One of the top roadblocks to wellness I hear from clients is their digestion! You certainly don't need to incorporate all 7 of these foods into your diet, but choose one or 2 that you might like to try! Incorporating some of these foods twice a week may help your digestive system and add beneficial probiotics to your gut microbiome. You will notice I didn't add the most popular fermented drink, Kombucha, because I find the ones on the market just contain too much sugar! But adding a kombucha here and there won't hurt ya!
Studies have shown that kefir may come with many benefits, affecting everything from digestion to inflammation to bone health. Enjoy kefir on its own or use it to give your smoothies and blended drinks a boost.
Tempeh is perfect for vegetarians and meat eaters alike. Use it for anything from sandwiches to stir-fries to take advantage of its many health benefits. Tempeh is made from fermented soybeans that have been pressed into a compact cake.
This high protein meat substitute is firm but chewy and can be baked, steamed, or sautéed before being added to dishes.
Like tempeh, it’s made from fermented soybeans. It has a very strong flavor and slippery texture.
It contains a good amount of fiber, providing 5.4 grams per 3.5-ounce.
Fiber may help support digestive health. It moves through the body undigested, adding bulk to stool to help promote regularity and alleviate constipation.
Natto is also high in vitamin K, an important nutrient that’s involved in the metabolism of calcium and plays a major role in bone health.
Miso is a common seasoning in Japanese cuisine. It’s made by fermenting soybeans with salt and koji, a type of fungus.
It’s most often found in miso soup, a flavorful dish made up of miso paste and stock. Miso soup is traditionally served for breakfast. Check out my miso glazed salmon recipe! I love the miso paste from thrivemarket.com.
Besides stirring miso into soup, you can try using it to: glaze cooked vegetables, spice up salad dressings & marinate meat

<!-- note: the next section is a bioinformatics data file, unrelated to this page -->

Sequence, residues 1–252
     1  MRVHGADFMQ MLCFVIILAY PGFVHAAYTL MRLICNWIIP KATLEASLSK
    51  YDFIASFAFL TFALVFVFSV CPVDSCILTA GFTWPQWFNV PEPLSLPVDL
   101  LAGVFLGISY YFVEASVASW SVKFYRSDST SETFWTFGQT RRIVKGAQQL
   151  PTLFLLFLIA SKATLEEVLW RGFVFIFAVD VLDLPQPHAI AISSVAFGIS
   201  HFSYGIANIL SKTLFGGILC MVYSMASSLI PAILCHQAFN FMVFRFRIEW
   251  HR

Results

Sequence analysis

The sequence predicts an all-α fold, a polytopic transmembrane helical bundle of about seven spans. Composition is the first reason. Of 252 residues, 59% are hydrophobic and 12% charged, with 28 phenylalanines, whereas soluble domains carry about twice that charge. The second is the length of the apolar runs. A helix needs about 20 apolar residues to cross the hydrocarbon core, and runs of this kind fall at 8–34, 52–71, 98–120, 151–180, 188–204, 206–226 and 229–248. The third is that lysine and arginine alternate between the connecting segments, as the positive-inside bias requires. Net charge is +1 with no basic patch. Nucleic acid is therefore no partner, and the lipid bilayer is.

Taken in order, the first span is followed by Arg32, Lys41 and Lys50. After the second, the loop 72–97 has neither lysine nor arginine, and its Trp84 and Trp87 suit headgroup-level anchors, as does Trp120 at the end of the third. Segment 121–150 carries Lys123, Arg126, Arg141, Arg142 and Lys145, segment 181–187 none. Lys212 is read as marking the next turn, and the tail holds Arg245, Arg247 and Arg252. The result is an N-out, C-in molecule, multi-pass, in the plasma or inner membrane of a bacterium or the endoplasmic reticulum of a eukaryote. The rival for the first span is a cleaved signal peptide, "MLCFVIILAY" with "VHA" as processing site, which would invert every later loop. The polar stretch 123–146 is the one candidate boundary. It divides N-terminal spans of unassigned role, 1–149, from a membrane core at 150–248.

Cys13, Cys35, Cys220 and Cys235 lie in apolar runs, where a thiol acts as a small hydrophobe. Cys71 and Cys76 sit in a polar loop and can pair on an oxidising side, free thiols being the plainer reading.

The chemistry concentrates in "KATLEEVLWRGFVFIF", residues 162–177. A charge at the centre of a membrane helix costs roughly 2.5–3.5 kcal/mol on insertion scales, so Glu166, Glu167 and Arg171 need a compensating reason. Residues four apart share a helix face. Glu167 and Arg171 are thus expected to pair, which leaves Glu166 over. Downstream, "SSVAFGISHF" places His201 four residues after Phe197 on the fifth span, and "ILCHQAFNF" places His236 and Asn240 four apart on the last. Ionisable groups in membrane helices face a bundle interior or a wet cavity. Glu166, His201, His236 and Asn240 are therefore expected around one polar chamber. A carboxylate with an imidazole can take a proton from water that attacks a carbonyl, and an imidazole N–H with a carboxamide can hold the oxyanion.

Kimchi is a popular Korean side dish that’s usually made from fermented cabbage. It can also be made from other fermented vegetables such as radishes and beets.
It boasts an extensive array of health benefits and may be especially effective when it comes to lowering cholesterol and reducing insulin resistance.
The lacto-fermentation process that kimchi undergoes makes it particularly unique. Fermented foods not only have an extended shelf life but also an enhanced taste and aroma.
Fermentation occurs when a starch or sugar is converted into an alcohol or acid by organisms like yeast, mold, or bacteria.
Fermentation also creates an environment that allows other friendly bacteria to thrive and multiply. These include probiotics, which are live microorganisms that offer health benefits when consumed in large amounts
Sauerkraut is a popular condiment consisting of shredded cabbage that’s been fermented by lactic acid bacteria. It’s low in calories but contains plenty of fiber, vitamin C, and vitamin K.
Like other foods made with leafy green vegetables, it also contains a good amount of lutein and zeaxanthin. These two antioxidants help promote eye health and reduce the risk of eye disease.
Yogurt is produced from milk that’s been fermented, most commonly with lactic acid bacteria.
It’s high in many important nutrients, including calcium, potassium, phosphorus, riboflavin, and vitamin B12.
Yogurt has also been associated with a wide variety of health benefits. Watch out for high sugar yogurts and go for the plan, organic, grass-fed version when possible. You can your own fresh berries to sweeten it up naturally! When you eat those highly sweetened yogurt you will actually cancel out a lot of the good probiotics.
What ways will you incorporate fermented foods into your diet this week?